The metabolic vasodilator mediating postexercise hypotension (PEH) is poorly understood. Recent evidence suggests an exercise-induced reliance on pro-oxidant–stimulated vasodilation in normotensive young human subjects, but the role in the prehypertensive state is not known.METHODS
Nine prehypertensives (mean arterial pressure (MAP), 106±5mm Hg; 50 ± 10 years old) performed 30 minutes of cycle exercise and a nonexercise trial. Arterial distensibility was characterized by simultaneously recording upper- and lower-limb pulse wave velocity (PWV) via oscillometry. Systemic vascular resistance and conductance were determined by MAP/Q˙ and Q˙/MAP, respectively. Venous blood was assayed for indirect markers of oxidative stress (lipid hydroperoxides (LOOH); spectrophotometry), plasma nitric oxide (NO) and S-nitrosothiols (fluorometry), atrial natriuretic peptide (ANP), and angiotensin II (ANG-II) (radioimmunoassay).RESULTS
Exercise reduced MAP (6mm Hg) and vascular resistance (15%) at 60 minutes after exercise, whereas conductance was elevated (20%) (P < 0.05). The hypotension resulted in a lower MAP at 60 and 120 minutes after exercise compared with nonexercise (P < 0.05). Upper-limb PWV was also 18% lower after exercise compared with baseline (P < 0.05). Exercise increased LOOH coincident with the nadir in hypotension and vascular resistance but failed to affect plasma NO or S-nitrosothiols. Exercise-induced increases in LOOH were related to ANG-II (r = 0.97; P < 0.01) and complemented by elevated ANP concentrations.CONCLUSIONS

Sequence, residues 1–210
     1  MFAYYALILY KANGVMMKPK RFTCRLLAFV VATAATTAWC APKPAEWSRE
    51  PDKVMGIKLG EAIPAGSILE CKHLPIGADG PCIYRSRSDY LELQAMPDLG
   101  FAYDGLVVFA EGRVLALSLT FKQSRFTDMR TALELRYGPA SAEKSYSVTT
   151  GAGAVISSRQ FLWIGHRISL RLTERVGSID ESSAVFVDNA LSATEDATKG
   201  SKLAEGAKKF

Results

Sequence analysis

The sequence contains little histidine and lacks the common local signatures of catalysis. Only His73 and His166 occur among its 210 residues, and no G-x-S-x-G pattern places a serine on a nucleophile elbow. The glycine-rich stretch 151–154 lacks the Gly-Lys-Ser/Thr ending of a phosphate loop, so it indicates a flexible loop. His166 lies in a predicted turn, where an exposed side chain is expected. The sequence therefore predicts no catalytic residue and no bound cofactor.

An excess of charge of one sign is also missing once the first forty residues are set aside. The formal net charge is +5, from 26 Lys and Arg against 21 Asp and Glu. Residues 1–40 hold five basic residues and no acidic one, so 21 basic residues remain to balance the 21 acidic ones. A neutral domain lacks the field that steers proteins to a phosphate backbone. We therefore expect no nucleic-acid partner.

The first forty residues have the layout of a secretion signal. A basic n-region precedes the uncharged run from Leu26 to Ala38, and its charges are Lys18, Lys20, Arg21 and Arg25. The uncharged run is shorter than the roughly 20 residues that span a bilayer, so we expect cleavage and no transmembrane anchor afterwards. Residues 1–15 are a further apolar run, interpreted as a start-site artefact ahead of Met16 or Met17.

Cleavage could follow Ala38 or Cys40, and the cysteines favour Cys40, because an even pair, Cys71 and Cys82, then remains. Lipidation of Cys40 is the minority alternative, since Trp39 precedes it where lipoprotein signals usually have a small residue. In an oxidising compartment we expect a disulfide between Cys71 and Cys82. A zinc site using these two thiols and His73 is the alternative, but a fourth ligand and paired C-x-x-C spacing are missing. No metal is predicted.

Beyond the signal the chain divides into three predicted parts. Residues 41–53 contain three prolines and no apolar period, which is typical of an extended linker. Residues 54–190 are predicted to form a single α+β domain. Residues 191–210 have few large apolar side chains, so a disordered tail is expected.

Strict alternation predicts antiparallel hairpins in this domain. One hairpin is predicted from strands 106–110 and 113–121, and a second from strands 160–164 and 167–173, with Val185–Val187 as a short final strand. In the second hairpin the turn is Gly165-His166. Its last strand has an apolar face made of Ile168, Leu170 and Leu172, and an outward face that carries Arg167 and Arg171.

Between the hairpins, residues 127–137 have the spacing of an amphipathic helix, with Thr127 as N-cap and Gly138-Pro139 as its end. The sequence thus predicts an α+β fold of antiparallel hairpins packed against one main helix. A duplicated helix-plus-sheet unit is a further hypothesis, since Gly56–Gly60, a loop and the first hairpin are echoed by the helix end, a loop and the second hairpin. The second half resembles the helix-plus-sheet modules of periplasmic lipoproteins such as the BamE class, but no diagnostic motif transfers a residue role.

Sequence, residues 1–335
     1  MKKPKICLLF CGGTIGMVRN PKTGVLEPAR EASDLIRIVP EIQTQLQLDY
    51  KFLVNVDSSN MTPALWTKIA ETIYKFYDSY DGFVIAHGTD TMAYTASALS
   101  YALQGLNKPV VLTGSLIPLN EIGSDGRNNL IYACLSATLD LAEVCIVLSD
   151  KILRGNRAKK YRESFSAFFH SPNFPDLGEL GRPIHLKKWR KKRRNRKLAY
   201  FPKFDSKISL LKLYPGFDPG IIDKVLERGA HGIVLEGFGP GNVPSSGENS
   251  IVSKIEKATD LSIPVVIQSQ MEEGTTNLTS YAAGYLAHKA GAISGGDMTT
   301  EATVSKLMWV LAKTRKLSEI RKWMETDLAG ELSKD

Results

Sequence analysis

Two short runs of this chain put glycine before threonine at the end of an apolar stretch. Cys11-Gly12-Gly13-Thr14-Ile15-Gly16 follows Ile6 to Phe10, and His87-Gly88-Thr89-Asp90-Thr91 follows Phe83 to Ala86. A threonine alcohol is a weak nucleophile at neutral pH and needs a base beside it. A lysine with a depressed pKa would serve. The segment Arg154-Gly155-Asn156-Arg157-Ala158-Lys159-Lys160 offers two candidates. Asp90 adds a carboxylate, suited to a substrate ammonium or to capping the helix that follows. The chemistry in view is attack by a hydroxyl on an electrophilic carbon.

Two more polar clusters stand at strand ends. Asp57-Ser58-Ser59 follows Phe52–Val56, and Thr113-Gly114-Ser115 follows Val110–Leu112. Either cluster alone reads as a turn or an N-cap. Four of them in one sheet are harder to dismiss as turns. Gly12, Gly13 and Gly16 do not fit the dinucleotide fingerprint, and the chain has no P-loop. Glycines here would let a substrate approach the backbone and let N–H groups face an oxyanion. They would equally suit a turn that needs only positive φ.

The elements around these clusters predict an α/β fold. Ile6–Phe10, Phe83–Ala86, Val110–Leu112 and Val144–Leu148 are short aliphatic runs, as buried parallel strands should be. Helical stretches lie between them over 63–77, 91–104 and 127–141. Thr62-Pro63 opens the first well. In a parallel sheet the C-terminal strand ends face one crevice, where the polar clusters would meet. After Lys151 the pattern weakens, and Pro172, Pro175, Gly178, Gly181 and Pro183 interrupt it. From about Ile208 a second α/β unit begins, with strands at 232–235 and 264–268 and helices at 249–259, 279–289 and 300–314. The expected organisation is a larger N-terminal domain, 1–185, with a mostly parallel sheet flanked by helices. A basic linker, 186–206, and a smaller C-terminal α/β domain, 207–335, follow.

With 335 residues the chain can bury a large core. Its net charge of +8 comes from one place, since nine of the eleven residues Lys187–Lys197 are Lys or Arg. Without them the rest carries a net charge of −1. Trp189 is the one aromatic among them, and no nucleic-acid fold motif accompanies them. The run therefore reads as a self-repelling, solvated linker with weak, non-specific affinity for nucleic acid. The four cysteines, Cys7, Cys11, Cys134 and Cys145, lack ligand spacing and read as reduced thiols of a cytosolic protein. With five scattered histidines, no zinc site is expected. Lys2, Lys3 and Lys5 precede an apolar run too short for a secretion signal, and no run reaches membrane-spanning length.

These data indicate attenuated vascular resistance after exercise with increased oxidative stress and unchanged NO. Whether free radicals are obligatory for PEH requires further investigation, although it seems that oxidative stress occurs during the hyperemia underlying PEH.